A student working in a lab


The Brandeis University Department of Chemistry offers a diverse range of well-funded, internationally recognized research programs in major traditional divisions of chemistry, as well as in the increasingly important interdisciplinary areas of chemical biology, complex systems, materials chemistry, and catalysis. The graduate program in chemistry includes course work, seminar participation, and research, and is designed to lead to a broad understanding of the subject. Visit the department's website for more information about the program. See application information below.

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How to Apply

Application Deadlines

PhD: December 15Late applications will be considered, but first consideration will be given to applications received by the deadline.

MA: For fall admission, rolling through May 1; review begins January 15. For spring admission, November 1.

MS: Admission to the MS program is for students who are already matriculated in our MA program.

Application Requirements

To apply for all programs, you need to submit:

  • An online application

  • An application fee

  • Transcripts from all universities and colleges attended must be uploaded to your application; do not mail official transcripts to our office. For more information, visit Frequently Asked Questions.

  • Two letters of recommendation, submitted electronically

  • curriculum vitae (CV) or resumé, which should include your educational history, employment experience, and other relevant information.

  • statement of purpose in essay form, indicating your reasons for undertaking graduate study. In addition, please describe your qualifications for the academic program and your objectives in undertaking this program.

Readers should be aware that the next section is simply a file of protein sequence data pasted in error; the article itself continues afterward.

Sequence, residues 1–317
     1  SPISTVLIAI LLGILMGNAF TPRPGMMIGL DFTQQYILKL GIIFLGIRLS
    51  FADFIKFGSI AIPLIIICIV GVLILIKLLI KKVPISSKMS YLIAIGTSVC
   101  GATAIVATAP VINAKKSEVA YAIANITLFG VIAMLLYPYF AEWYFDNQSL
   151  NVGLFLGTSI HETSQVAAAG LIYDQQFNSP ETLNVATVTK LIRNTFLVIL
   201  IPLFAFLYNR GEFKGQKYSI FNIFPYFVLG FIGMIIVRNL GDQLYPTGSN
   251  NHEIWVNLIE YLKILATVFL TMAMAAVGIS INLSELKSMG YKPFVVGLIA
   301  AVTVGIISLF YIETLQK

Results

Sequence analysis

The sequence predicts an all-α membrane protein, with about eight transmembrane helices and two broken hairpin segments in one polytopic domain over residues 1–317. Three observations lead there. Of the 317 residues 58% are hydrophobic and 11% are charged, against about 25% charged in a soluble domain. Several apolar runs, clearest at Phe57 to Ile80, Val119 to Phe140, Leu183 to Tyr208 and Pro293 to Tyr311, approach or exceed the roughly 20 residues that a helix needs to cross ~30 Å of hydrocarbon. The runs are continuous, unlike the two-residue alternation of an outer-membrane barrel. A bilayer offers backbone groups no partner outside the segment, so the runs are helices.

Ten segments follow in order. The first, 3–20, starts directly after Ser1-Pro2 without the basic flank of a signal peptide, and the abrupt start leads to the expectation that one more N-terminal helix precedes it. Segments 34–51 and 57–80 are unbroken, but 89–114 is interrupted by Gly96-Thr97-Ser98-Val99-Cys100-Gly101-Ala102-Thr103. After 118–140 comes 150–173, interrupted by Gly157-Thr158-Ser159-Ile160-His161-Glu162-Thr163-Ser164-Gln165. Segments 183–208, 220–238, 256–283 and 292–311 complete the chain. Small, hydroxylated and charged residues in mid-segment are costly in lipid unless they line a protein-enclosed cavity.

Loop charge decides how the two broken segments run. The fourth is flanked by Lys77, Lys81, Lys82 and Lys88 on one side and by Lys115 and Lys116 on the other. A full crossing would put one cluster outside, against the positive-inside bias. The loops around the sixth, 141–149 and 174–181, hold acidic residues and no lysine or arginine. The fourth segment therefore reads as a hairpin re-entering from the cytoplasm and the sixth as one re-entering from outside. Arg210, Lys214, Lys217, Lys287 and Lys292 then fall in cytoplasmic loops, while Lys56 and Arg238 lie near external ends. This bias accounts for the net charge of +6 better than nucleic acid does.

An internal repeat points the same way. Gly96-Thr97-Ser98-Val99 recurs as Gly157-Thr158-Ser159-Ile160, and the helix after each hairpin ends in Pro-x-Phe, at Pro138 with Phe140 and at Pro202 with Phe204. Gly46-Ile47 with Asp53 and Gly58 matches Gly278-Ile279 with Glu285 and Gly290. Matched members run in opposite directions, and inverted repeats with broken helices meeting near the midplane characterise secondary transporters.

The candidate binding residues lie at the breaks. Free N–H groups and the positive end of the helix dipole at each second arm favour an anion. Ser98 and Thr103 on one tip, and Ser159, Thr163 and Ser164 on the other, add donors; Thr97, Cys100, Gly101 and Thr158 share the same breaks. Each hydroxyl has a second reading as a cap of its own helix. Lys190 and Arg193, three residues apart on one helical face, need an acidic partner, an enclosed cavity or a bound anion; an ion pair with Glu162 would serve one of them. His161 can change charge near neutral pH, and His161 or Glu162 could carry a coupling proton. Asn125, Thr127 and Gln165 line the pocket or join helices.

• Applicants to the doctoral program should clearly outline their research interests and how they would complement those of the faculty. Balancing student's research interests with those of the Brandeis faculty is a major factor in the admissions process. The application asks for the names of three or four faculty members with whom you are interested in working. If you are admitted, your choice of a research supervisor must be guided by the preferences that you express in your application.

    • Applicants to the master's program should discuss their plans for their academic and professional career and how the Graduate School will help them attain their goals.

  • Graduate Record Exam (GRE): Please note that if you are applying for the 2023-2024 academic year, results from the GRE General Test and the GRE Subject Test (in Chemistry) are recommended, but not required. Typically, the GRE General Test is an application requirement and the GRE Subject Test is strongly recommended, but not required. However, for this admissions cycle, your application will receive full consideration even if you are unable to take these exams. Our GRE institution code is 3092 (please note: this ETS institution code only applies to GRE scores). MyBest™ scores from ETS will not be accepted.

  • Additional Requirements for International Applicants: Score report from one of the following English language proficiency exams: TOEFL iBT, TOEFL Revised Paper-delivered Test, TOEFL ITP Plus for China Solution, IELTS Academic, PTE Academic, or Duolingo English Test. You can arrange for the delivery of your TOEFL iBT or Revised Paper-delivered Test score report by providing ETS with our institution code, 3261 (no department code is necessary); please note that we do not accept TOEFL Essentials score reports or MyBest™ scores from ETS. Delivery of your TOEFL ITP Plus scores can be arranged via your Vericant account, delivery of your Duolingo scores can be arranged via your Duolingo account, and delivery of your PTE Academic scores can be arranged via your Pearson account. Further information about this requirement can be found on the International Students page. 

For a more comprehensive description of application requirements, please see Frequently Asked Questions.

Student Spotlight

Chris Konow

Chris Konow researches the impact of growth on Turing patterns in the Epstein Lab. Turing patterns are named after the British mathematician Alan Turing, who proposed a mechanism for how differentiation can occur within a homogeneous system. The Epstein and Fraden labs at Brandeis have provided experimental support for Turing's predictions and are currently performing research to improve our understanding of the Turing mechanism.